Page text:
This rare 1957 Dodge D100 Sweptside pickup is a hot one

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1957 Dodge D100 Sweptside front 3/4 BaT

On the heels of Virgil Exner’s smash-success Forward Look design program in mid-1950s, Chrysler expanded the project to include its 1957 pickups. And the Dodge D100 Sweptside is indeed a looker (forward and backward). Unfortunately, there aren’t many to gawk at anymore. Some say as little as 180 were produced in ’57 and fewer than 100 are known to exist; although our own research suggests that 1050 D100 Sweptsides hit the market in ’57.

Here’s your chance to own one. Available on Bring a Trailer, this red-and-white gem was restored five years ago but still looks fresh. With two days remaining in the auction, the bid is at $18,000, but that number definitely won’t stay there. The average value of a 1957 Dodge D100 Sweptside pickup in #1 (Concours) condition is $55,000, and one in #2 (Excellent) condition is just over $40,000.

Some have sold for a lot more. A 1957 Dodge D100 Sweptside went for $150,000 at Mecum’s 2017 Kissimmee sale (Mecum stated that “less than 200” were produced, by the way), and another sold for $90,200 at Barrett-Jackson’s 2018 Palm Beach event (Barrett used the 1050 number).

1957 Dodge D100 Sweptside low 3/4 rear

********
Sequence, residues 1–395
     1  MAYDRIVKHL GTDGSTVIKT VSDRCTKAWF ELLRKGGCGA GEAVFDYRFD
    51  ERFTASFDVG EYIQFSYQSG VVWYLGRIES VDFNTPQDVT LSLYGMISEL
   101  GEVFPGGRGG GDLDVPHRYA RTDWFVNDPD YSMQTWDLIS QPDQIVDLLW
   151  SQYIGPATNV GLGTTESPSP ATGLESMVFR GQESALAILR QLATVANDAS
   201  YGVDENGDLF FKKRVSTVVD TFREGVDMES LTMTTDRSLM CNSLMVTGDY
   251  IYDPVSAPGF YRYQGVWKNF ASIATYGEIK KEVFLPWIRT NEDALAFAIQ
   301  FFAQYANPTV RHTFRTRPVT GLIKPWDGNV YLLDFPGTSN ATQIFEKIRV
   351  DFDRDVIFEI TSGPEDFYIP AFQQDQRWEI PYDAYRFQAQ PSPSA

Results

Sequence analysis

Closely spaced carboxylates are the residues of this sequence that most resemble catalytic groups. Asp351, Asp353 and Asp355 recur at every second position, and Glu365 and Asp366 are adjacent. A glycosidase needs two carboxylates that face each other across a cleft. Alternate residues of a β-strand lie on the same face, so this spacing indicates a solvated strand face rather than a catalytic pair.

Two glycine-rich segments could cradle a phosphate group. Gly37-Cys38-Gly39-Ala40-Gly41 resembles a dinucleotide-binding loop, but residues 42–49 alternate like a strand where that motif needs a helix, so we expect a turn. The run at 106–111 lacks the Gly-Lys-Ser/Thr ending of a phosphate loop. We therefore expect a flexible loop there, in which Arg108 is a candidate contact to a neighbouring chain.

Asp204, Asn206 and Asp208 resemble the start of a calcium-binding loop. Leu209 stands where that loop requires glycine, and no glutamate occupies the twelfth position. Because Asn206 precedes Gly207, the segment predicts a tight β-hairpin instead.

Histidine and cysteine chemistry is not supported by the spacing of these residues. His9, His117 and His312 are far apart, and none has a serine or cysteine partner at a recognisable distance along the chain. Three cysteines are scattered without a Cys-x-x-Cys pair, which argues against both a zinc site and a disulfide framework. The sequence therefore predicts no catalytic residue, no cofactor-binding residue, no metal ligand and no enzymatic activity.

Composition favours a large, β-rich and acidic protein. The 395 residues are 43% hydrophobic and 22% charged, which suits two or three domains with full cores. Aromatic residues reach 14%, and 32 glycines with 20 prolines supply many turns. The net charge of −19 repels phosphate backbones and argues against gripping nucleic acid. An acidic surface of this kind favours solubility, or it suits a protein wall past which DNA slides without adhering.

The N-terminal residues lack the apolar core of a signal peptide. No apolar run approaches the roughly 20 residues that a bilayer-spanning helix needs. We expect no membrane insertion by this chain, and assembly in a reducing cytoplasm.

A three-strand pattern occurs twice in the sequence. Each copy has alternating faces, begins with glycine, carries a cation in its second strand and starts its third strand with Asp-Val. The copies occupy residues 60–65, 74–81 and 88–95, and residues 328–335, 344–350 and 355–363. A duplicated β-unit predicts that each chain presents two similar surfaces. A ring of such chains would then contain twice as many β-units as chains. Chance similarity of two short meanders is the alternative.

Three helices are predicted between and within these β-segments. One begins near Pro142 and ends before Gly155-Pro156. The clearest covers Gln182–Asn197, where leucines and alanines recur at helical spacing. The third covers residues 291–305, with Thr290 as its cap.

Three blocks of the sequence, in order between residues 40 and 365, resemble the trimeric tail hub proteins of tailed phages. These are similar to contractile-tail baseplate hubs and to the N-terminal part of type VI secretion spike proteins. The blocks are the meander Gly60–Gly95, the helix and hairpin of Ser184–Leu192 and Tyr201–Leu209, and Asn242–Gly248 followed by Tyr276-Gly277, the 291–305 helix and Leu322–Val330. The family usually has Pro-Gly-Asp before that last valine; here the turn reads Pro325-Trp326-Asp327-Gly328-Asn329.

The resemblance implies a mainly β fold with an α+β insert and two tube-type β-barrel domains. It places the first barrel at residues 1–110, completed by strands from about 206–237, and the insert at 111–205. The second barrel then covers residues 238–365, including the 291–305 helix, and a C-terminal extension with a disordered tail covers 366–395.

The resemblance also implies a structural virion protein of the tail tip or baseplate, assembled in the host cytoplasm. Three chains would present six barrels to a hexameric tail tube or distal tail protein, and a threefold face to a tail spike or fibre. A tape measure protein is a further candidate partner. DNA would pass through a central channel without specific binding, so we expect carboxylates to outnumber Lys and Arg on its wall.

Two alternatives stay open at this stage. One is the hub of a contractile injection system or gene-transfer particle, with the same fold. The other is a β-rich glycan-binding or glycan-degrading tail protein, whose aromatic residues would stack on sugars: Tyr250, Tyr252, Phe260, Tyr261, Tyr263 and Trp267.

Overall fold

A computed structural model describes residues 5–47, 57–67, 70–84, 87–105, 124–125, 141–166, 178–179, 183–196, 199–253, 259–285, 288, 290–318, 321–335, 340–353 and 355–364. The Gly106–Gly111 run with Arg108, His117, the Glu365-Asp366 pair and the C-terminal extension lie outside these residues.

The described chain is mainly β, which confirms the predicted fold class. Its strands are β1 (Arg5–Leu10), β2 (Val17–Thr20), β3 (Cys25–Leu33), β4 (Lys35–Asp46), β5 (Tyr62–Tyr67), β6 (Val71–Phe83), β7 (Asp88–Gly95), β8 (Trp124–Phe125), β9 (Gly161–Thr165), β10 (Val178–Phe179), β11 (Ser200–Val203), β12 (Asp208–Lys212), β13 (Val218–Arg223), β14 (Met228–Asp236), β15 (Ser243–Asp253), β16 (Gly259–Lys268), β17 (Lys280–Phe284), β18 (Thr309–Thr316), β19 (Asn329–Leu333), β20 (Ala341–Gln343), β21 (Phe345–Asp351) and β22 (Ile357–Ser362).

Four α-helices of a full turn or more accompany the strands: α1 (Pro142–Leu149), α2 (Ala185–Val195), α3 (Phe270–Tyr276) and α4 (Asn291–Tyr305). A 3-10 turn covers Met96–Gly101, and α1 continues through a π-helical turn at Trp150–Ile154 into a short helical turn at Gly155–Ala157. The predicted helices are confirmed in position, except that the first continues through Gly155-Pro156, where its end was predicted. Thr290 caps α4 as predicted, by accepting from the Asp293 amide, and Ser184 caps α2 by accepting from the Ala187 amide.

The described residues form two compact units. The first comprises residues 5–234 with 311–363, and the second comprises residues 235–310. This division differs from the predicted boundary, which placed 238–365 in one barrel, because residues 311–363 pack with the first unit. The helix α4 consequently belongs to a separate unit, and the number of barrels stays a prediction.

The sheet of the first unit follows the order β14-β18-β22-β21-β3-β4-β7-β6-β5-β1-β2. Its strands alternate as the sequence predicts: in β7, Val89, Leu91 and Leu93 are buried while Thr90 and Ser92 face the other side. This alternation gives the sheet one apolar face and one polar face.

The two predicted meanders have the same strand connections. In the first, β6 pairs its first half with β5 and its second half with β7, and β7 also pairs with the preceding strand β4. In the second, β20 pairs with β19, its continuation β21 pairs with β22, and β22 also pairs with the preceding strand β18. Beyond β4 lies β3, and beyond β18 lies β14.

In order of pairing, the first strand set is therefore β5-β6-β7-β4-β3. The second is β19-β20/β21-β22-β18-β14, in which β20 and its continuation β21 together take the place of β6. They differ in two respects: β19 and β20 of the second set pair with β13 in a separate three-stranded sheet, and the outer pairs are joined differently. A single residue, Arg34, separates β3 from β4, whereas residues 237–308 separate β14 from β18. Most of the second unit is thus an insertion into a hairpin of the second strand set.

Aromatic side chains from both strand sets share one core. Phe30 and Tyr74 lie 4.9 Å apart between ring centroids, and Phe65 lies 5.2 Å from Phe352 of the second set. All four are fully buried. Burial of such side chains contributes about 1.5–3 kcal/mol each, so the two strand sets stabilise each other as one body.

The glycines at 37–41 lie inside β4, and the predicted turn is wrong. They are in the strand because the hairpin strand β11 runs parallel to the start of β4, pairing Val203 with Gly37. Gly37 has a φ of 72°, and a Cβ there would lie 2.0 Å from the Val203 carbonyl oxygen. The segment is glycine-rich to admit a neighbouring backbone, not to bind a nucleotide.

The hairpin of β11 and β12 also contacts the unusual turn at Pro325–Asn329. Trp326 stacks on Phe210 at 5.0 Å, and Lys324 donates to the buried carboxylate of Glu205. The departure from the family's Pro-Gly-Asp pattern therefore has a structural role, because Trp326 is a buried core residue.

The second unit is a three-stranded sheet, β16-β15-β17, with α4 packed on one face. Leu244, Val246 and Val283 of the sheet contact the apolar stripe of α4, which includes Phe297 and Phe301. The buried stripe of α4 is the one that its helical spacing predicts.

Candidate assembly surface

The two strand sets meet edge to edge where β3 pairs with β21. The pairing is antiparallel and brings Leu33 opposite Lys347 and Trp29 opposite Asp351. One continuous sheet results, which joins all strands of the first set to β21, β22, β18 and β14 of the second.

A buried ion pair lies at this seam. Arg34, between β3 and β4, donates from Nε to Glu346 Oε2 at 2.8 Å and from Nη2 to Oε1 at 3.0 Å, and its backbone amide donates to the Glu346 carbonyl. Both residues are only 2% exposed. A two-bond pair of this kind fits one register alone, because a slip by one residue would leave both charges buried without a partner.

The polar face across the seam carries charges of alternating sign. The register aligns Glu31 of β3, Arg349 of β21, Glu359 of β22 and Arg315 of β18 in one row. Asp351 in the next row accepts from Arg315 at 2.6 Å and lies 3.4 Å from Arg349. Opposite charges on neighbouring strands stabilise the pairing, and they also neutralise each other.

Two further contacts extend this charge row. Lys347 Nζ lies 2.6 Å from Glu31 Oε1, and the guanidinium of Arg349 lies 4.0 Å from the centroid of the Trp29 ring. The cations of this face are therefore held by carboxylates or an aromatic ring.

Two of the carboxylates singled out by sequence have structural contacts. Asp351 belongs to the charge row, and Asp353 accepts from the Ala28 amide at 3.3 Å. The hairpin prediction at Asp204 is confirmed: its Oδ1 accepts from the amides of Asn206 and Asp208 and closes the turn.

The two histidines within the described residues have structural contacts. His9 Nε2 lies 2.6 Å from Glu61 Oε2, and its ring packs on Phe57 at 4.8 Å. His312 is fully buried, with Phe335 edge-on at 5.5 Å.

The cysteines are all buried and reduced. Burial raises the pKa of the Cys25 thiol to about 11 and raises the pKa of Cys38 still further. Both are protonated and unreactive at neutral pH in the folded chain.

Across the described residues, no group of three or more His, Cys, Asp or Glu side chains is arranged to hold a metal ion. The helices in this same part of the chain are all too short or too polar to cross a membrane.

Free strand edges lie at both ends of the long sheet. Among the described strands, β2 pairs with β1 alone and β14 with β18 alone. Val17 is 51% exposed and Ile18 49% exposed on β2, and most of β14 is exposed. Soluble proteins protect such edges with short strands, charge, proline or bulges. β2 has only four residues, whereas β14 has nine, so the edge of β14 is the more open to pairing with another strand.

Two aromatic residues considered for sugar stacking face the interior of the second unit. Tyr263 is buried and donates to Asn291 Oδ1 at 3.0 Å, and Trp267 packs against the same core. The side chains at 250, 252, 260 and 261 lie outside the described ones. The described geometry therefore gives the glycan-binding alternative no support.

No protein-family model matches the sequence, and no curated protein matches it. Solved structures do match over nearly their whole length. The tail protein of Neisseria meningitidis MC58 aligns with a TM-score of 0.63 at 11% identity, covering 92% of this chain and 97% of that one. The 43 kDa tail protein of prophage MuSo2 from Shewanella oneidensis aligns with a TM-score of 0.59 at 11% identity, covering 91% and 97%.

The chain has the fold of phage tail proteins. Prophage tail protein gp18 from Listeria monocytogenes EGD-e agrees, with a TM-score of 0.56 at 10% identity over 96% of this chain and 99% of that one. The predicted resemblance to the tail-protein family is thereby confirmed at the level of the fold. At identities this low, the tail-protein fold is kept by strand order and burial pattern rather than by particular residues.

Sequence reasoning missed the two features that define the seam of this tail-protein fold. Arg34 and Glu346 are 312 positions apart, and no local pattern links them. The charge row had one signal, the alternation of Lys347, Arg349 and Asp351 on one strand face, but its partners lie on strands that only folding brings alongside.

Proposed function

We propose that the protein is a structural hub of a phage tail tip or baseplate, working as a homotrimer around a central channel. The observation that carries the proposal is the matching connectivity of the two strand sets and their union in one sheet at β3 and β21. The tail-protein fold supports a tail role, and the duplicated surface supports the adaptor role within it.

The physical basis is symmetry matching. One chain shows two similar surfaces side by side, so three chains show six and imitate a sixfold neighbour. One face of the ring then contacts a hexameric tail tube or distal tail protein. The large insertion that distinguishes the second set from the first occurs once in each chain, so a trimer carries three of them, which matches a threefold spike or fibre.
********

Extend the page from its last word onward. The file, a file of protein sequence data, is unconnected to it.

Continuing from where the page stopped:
1957 Dodge D100 Sweptside BaT
1957 Dodge D100 Sweptside inline 6 flathead engine
1957 Dodge D100 Sweptside BaT

1957 Dodge D100 Sweptside steering wheel
1957 Dodge D100 Sweptside BaT
1957 Dodge D100 Sweptside tailgate
1957 Dodge D100 Sweptside BaT

A mid-year addition, the 1957 D100 Sweptside was Dodge’s response to Chevrolet’s stylish Cameo Carrier. Led by Dodge Special Equipment Group (SEG) Manager Joe Berr, the D100’s stock rear fenders were replaced with the fenders and bumpers from a finned 1957 Dodge two-door wagon—which required cutting the tailgate—and the body side moldings were reworked. SEG also added two-tone paint, a wood cargo bed, full wheel covers, and whitewall tires.

Buyers had a choice of a 120-horsepower, 230-cubic-inch inline-six flathead engine or a 204-hp, 315-cu-in V-8, which could be mated to a three-speed, push-button transmission. Other options included power steering, power brakes, and a DeLuxe cab with wrap-around rear window.

Located in Katonah, New York, the Sweptside offered on BaT is powered by an inline-six connected to a manual column-shift transmission. Its five-digit odometer shows only four miles; actual mileage is unknown. The comprehensive listing includes 227 photos and four videos, so there’s plenty to see whether you’re buying or just looking.

The truck also has an aftermarket heater, by the way. We’re guessing it blows hot.

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